Old Mutual Wealth sees sales boosted by pension products

Old Mutual Wealth sees sales boosted by pension products

Old Mutual Wealth’s chief executive has called the pension freedoms a “shot of adrenaline” for financial services as it reported a 16 per cent rise in gross sales in the first quarter of 2015 to £4.6bn boosted by pension sales.

Funds under management were £102.3bn at the end of the quarter, helped by its acquisition of Quilter Cheviot during the period, which added £17.5bn, although excluding acquisitions FUM increased 5 per cent from the year end.

Old Mutual Wealth revealed that net client cash flow in the first quarter was 9 per cent lower than the prior year at £1bn.

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The company saw increased demand for financial advice during the first three months of the year ahead of the pension reforms in April, with pension and annuity sales up 23 per cent at Intrinsic compared to the first quarter of 2014.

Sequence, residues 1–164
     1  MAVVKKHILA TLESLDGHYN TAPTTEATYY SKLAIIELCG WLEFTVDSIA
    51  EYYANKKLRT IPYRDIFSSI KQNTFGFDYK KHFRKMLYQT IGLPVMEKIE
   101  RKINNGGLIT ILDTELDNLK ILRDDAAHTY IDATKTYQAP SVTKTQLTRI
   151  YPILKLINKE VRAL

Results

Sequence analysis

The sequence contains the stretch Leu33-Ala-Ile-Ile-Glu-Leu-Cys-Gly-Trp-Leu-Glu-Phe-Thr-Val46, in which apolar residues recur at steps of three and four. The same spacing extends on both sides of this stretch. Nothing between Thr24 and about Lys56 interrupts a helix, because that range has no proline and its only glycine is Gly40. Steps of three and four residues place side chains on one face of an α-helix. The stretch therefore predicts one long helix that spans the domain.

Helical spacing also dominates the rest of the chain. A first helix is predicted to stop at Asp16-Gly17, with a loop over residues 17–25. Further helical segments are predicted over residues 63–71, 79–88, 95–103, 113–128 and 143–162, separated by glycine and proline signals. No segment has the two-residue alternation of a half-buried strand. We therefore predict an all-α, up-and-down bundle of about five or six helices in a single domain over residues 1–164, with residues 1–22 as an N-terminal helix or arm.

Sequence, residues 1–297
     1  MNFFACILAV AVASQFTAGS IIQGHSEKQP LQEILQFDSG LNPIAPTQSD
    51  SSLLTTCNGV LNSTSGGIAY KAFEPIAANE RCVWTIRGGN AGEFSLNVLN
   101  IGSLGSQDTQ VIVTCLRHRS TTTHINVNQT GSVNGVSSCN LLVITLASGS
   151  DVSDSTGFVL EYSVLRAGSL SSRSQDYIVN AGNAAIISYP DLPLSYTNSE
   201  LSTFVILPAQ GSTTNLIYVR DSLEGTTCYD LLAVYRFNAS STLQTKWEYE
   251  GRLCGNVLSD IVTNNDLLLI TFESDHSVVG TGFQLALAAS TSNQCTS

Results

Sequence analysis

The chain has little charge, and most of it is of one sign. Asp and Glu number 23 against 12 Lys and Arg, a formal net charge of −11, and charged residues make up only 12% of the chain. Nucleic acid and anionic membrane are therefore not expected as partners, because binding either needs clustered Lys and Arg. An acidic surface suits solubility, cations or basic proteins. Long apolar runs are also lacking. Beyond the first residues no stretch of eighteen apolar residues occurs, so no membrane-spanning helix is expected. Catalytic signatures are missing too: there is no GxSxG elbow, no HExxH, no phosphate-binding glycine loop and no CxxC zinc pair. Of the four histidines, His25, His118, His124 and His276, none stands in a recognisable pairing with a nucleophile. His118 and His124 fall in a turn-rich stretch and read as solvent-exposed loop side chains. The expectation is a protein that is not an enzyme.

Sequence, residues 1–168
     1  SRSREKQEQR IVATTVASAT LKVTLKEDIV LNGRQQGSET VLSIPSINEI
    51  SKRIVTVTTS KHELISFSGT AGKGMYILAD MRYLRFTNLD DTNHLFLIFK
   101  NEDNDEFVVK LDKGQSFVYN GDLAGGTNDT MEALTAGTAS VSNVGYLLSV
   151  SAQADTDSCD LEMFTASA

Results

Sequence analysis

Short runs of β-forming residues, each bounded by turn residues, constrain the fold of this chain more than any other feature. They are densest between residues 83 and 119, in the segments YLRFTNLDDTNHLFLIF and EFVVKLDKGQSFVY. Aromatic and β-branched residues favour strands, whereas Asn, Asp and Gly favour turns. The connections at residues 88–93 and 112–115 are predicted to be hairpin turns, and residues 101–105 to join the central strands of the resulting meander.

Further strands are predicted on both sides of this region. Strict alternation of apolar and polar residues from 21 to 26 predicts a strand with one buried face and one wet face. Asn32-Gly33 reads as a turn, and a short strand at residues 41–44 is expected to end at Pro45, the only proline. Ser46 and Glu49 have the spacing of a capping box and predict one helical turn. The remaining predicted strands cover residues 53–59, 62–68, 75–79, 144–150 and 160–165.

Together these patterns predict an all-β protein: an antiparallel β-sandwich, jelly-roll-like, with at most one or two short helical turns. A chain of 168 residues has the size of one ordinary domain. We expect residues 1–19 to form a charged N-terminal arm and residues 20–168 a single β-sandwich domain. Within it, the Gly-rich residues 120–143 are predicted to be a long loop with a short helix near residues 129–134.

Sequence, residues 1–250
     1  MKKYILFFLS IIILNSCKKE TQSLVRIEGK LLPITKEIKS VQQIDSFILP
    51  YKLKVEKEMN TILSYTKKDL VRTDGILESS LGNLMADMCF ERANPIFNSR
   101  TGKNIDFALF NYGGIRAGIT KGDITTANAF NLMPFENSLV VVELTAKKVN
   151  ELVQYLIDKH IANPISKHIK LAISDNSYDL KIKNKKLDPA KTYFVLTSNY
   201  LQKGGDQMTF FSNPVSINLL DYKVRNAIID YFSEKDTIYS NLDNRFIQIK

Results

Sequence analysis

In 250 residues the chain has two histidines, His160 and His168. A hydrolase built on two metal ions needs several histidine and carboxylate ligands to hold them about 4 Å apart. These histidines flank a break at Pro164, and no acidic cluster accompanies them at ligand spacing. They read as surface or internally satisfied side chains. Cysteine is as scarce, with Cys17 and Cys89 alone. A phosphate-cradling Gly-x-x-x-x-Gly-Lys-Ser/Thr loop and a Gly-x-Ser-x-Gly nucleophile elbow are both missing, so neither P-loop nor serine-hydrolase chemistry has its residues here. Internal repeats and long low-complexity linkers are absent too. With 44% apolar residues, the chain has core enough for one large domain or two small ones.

Paul Feeney, chief executive of Old Mutual Wealth, said: “The pension freedoms have been like a shot of adrenaline to the financial services industry. Even before they were introduced we saw increased demand for financial advice, flexible pension products and packaged investment solutions as people got ready for the changes.”

Sales of fund ranges at Old Mutual Global Investors (OMGI) were “strong”, as it confirmed gross sales up 5 per cent on last year to £2.6bn, while funds under management climbed to £22.5bn in the first quarter, representing 22 per cent of funds under management at Old Mutual Wealth.

Net client cash flow in OMGI fell 27 per cent to £0.8bn in the first quarter of 2015 compared to the prior year, when the first quarter of 2014 included a £180m segregated mandate inflow and £305m seeding of its Foundation fund range.

In OMGI, 60 per cent of core funds are in the first quartile over a three-year period and 84 per cent of funds delivered investment performance that above median.

Mr Feeney added: “One thing that is very clear is that we will continue to see strong demand for financial advice this year as people embrace new and more flexible ways of funding the later parts of their lives.”